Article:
- Asheville is one of the country’s best places to witness thermal inversion, a natural phenomenon in which low-lying clouds rest in mountain valleys and undulate like waves. For the ultimate view, get yourself to Looking Glass Rock, the Craggy Gardens Pinnacle Overlook, or the summit of Mount Mitchell early in the morning, just after sunrise. While thermal inversion happens all year long, you’re most likely to see it in the fall, when the nights are cool and the days are warm.
Food and drink to try in Asheville
- There are so many breweries in Asheville, you’ll barely scratch the service in one visit, but start with popular places like Bhramari Brewing Company, Zillicoah Beer Company (on the river), and Burial Beer Co. If you’re a suds enthusiast, you’ll also want to hit Zebulon Artisan Ales in neighboring Weaverville, which brews historical and forgotten beers.
- For cocktails, head to Eda Rhyne Distilling Company, which uses regional medicinals and ingredients from the mountains around Asheville to create a range of fernet and amaro that reflects the local terroir. The bar inside the distillery serves creative drinks crafted with house spirits.
- Cúrate is a top draw for visitors eager to try the restaurant’s authentic Spanish tapas. It can be tough to get a reservation; alternatively, post up at the vermouth bar or pick up a selection of picnic eats from La Bodega, the restaurant’s sister spot around the corner.
- The doughnuts at Hole Doughnuts are fried to order, taste more like brioche, and are arguably the best version to be found in these parts. Note: The shop closes at 1 p.m. so plan accordingly.
Culture in Asheville
Asheville isn’t just a beer town. Coined the “Paris of the South,” it’s also worth visiting for its rich history and wide variety of architecture, from the château-inspired Biltmore Estate to the Catalan-style Basilica of Saint Lawrence with its elliptical dome. Asheville also served as home to novelist Thomas Wolfe and a vacation destination for F. Scott Fitzgerald, who spent the summers of 1935 and 1936 at the Grove Park Inn.
Local travel tips for Asheville
- To avoid crowds, plan to visit Asheville during the week. And do your best to hit hiking trails and other busy outdoor spots earlier in the day.
- Make dinner reservations in advance as many of the city’s more popular restaurants get booked up quickly.
- Asheville is super dog-friendly, with many hotels welcoming pets. If you plan to travel with your four-legged friend, check out the Dog Welcome Center and book one of its tours, which go to local shops, breweries, and even restaurants that cater to dogs.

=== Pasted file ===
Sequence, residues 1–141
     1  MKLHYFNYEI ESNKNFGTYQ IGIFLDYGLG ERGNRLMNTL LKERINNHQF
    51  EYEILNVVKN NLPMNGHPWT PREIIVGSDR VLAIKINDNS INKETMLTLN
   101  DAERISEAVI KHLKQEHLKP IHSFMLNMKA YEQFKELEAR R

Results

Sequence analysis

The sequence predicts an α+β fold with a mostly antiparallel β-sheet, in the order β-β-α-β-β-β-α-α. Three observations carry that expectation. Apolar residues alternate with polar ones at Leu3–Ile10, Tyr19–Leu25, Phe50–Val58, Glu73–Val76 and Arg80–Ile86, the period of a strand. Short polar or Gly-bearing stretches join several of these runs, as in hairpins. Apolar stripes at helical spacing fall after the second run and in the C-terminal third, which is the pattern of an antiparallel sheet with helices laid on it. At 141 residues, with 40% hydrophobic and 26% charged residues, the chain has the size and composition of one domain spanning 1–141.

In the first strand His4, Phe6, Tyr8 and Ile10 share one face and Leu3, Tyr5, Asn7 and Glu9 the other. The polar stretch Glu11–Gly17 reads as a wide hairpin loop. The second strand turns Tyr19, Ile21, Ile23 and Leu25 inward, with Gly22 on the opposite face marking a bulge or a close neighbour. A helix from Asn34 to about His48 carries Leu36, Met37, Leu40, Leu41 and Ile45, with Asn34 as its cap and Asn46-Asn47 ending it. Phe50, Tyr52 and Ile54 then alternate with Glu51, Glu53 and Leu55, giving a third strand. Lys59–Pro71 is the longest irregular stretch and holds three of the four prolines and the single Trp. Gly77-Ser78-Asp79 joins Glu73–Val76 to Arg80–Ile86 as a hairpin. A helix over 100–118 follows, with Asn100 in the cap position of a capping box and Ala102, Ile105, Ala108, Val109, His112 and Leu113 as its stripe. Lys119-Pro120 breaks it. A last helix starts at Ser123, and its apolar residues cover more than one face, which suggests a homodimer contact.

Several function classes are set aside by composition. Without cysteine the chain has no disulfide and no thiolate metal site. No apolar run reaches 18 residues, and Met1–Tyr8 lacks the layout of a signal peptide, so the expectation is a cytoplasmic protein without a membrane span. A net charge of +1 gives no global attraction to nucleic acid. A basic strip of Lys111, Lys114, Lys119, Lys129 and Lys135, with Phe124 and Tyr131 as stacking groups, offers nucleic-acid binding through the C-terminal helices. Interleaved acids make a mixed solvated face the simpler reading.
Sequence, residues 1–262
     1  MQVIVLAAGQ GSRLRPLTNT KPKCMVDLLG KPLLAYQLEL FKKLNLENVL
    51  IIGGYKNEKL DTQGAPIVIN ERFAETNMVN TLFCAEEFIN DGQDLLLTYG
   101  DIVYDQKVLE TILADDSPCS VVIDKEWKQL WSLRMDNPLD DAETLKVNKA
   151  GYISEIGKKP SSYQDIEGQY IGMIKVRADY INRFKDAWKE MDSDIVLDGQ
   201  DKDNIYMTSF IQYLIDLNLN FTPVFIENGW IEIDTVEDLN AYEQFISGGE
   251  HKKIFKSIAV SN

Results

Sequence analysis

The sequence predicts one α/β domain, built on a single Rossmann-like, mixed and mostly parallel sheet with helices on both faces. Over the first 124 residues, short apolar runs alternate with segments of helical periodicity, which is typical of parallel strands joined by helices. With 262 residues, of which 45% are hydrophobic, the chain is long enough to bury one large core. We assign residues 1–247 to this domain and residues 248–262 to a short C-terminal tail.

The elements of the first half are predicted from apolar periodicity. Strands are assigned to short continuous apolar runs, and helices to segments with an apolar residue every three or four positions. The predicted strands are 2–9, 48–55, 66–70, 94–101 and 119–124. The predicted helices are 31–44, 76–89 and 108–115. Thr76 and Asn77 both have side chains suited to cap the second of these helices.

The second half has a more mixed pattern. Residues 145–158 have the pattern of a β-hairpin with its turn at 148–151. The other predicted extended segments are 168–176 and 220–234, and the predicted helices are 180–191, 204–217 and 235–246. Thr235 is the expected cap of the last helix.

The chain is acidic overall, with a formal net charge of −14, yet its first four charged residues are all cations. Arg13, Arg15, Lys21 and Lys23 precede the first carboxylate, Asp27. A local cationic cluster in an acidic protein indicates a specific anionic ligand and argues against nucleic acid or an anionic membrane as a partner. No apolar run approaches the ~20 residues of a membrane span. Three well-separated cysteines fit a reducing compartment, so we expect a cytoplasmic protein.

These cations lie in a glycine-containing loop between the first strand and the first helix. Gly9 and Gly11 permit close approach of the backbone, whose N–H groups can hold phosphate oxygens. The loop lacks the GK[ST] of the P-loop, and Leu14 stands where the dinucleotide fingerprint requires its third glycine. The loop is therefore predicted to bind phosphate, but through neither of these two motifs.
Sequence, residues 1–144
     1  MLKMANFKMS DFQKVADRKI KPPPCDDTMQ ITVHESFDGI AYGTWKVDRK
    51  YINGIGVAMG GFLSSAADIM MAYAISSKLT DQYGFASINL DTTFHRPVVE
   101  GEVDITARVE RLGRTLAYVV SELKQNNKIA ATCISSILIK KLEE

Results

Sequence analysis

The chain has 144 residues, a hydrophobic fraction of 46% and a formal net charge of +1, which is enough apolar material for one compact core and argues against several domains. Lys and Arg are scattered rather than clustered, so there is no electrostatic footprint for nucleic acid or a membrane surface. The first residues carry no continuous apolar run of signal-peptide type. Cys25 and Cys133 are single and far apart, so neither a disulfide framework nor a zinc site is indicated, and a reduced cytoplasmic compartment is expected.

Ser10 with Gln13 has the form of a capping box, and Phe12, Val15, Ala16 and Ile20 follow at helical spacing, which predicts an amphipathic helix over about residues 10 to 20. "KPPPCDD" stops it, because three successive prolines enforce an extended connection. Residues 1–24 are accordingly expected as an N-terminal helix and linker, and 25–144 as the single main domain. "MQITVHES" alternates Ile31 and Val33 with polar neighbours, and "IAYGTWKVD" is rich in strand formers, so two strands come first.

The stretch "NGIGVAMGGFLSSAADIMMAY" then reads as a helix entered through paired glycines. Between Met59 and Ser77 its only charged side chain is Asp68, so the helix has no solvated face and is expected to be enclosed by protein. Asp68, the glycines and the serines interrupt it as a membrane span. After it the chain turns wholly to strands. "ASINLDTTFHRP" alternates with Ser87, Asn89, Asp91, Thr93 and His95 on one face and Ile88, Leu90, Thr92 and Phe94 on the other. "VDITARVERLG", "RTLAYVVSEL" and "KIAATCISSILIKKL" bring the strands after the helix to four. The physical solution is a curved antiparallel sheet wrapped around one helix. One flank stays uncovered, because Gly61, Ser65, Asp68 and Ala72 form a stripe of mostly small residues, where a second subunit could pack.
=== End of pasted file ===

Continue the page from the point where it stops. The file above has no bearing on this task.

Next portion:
- Explore West Asheville for a less touristy approach to shopping and dining. Garden Party (a lifestyle shop with hemp-infused finds), Flora (a dreamy flower, botanical, coffee, and wine shop), Playdate Goods (sustainable children’s clothing and toys), Leo’s House of Thirst (a wine bar with exceptional bites), and Ghan Shan West (Asian-inspired food made with Appalachian ingredients) are a good start. You’ll find more as you wander around.
- New hotels are popping up all over Asheville, but for something a bit more approachable, book a room at one of the city’s bed-and-breakfasts. The Chestnut Street Inn is a favorite for its owners Emilie and Arturo, who will help curate your visit and also offer a rotating local beer on tap.
- Asheville Bed & Breakfast Association
- East Fork Pottery blog for fun happenings and insider tips
Essentials by North Carolina–based culinary arts and travel writer Jenn Rice (@jennricewrites). Required Eating by travel writer Julie Case (@foragerinchief). Best Things to Do by travel and lifestyle journalist Lindsay Tigar (@lindsaytigar). Attractions You Can Only Find in Asheville by Asheville-based arts and travel writer Joanne O’Sullivan (@jkosullivan1). Hotels coverage by travel and food writer Devorah Lev-Tov (@devoltv). Hiking coverage by travel and science journalist Melanie Haiken. Black Asheville coverage by North Carolina–based historian and writer Cynthia Greenlee (@cynthiagreenlee).